Well the 1s and 0s of a successful business basically boil down to “sell more and spend less”. Obviously that’s a crass over-simplification, but that’s sort of the point. At the real nuts and bolts level you want to drive up sales and drive down inefficiencies. Mobile has the potential to do both for you. It can help you run your business more efficiently, help your employees get more out of their day, help your marketing team reach new audiences and improve the way you see your business. It’s all there.

I could list out about a million use cases where mobile has the potential to change the way people do their jobs. Take, for example, a service engineer repairing oil pumps. Give them a mobile device and suddenly they have the ability to look up service records for any given pump, contact colleagues, plan routes, order parts, maybe even run diagnostics on the pump’s control units, all on the move. Or take doctors and nurses, by using tablets in place of paper medical records, staff can interface directly with the medical devices in a hospital, record, verify and audit prescriptions, dosages, treatments and more without the overhead of additional process. Ultimately it has the effect of increasing safety and fundamentally changing how the medical profession interacts with patients and each other.

How about in the retail space? As demonstrated by Apple themselves with the Apple Stores, mobile computing is transforming the way we shop. Rather than standing in line for a checkout, the checkout comes to you, or even better, you don’t need to check out at all, you just walk out with the item and your credit card is automatically charged. That means a very different (and hopefully better) customer experience.

I’d have to list out a huge number of these examples to make sure to cover something that touches your business, so instead I’d like to appeal to your imagination.  Consider for a moment that in the world of mobile, enterprise is lagging the consumer space and being driven by it. The enterprise market is about (at a guess) 5 years behind where we are in consumer terms. If you then consider all the ways mobile has impacted consumer life today, from the availability of the information services (news, weather, internet databases) and email in your pocket to mapping and location based services. Accessibility and connectedness of social media or availability of cameras at all times.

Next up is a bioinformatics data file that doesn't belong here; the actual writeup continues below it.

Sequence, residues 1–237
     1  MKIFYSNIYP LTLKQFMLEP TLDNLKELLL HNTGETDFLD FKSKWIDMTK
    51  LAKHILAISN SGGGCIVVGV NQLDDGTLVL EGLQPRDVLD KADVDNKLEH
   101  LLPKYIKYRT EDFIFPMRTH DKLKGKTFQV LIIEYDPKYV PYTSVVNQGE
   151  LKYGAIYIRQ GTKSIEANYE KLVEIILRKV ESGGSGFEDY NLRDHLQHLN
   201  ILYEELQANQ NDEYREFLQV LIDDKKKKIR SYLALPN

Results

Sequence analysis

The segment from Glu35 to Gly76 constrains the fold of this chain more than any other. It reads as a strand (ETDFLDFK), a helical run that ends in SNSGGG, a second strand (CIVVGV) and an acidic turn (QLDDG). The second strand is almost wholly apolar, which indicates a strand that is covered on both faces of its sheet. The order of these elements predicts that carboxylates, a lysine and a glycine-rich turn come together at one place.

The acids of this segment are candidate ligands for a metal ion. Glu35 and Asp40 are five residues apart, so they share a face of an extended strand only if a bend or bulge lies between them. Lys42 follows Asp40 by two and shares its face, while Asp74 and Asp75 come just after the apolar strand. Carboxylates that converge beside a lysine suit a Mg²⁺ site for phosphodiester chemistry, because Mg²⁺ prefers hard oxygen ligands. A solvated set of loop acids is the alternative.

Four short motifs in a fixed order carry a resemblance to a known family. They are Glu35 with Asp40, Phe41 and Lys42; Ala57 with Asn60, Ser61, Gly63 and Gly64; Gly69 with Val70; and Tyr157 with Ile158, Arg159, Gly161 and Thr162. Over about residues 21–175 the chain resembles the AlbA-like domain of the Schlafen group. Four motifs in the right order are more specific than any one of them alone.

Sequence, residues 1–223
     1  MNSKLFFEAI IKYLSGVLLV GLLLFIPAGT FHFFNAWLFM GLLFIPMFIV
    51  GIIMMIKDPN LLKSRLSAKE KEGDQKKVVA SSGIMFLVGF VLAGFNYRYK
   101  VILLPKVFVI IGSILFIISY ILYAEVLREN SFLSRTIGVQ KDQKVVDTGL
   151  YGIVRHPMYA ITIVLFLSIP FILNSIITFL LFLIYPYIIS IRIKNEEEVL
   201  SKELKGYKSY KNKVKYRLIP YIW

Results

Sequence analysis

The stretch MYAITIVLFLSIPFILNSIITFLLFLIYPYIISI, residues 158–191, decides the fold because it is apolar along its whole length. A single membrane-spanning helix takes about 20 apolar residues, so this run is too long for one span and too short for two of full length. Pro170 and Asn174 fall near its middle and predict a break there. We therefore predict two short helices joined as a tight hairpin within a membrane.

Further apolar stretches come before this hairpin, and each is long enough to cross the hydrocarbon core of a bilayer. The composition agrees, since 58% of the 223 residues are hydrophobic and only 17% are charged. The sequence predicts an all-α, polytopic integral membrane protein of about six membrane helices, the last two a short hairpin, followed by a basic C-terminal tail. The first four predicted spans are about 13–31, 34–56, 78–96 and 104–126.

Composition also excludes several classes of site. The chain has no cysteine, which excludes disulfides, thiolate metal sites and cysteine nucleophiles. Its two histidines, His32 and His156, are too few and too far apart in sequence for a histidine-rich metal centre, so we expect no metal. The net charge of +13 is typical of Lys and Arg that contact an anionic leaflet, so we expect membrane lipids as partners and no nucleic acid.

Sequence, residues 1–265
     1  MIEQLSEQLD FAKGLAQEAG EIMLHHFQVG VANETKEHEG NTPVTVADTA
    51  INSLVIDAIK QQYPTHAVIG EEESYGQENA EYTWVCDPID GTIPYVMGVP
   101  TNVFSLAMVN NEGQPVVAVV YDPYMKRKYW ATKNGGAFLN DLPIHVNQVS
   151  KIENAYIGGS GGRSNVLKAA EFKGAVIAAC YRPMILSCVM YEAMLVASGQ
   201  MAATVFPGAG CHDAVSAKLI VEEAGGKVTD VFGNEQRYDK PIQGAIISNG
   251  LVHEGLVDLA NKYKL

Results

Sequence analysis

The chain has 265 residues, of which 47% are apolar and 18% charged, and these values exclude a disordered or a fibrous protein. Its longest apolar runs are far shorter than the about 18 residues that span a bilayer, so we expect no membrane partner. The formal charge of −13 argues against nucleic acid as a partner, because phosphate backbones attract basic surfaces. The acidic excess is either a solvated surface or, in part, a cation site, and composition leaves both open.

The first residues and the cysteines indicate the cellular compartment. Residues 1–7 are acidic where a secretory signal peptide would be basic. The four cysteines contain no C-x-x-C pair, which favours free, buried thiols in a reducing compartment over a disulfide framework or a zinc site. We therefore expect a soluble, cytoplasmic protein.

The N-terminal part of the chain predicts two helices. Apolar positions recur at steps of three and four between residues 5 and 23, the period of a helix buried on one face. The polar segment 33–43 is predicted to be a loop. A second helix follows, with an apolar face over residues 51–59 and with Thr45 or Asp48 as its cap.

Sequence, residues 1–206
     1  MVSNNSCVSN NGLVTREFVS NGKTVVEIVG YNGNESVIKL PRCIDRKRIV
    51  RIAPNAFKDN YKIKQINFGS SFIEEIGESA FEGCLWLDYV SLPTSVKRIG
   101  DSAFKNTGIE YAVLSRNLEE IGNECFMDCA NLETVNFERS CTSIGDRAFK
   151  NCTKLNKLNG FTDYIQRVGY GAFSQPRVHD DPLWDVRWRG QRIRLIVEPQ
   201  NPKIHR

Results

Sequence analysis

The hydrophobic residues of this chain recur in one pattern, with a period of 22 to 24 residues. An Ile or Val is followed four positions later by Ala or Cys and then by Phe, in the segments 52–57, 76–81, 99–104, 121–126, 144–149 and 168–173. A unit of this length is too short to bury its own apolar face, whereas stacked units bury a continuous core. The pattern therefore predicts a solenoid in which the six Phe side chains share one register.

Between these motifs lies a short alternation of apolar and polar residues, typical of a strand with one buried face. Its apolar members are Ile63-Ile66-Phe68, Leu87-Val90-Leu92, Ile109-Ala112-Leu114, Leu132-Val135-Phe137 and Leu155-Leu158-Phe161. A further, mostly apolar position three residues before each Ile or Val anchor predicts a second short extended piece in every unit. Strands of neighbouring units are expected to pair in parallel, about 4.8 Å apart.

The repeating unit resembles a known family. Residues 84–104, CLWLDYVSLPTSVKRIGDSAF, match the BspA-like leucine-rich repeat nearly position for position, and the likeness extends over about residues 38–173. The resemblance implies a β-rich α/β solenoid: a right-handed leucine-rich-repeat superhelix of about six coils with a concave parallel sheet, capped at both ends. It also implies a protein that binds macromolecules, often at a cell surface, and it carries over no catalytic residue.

The way we live our lives has changed dramatically, driving an explosive growth in mobile device adoption in the last 5 years. And that’s before we even get into the Internet of Things which will add even more dimensions to the story. Here’s a telling chart borrowed from Benedict Evans’ excellent site:

Unit Sales

I think we can assume that this growth is backed by real innovation and demand and not just hype. Consider what the equivalent explosive development and innovation would look like for your business. The potential is staggering when we get 5 years into that growth.

Adopting the Right Approach

So mobile is real, but how do you take advantage of it for your business and what are the routes to get onto that exponential growth curve? Across our customers we see 3 different broad strategies being employed. These are very general approaches to mobile adoption and we have given each a name to make it easier to talk about them. We call them: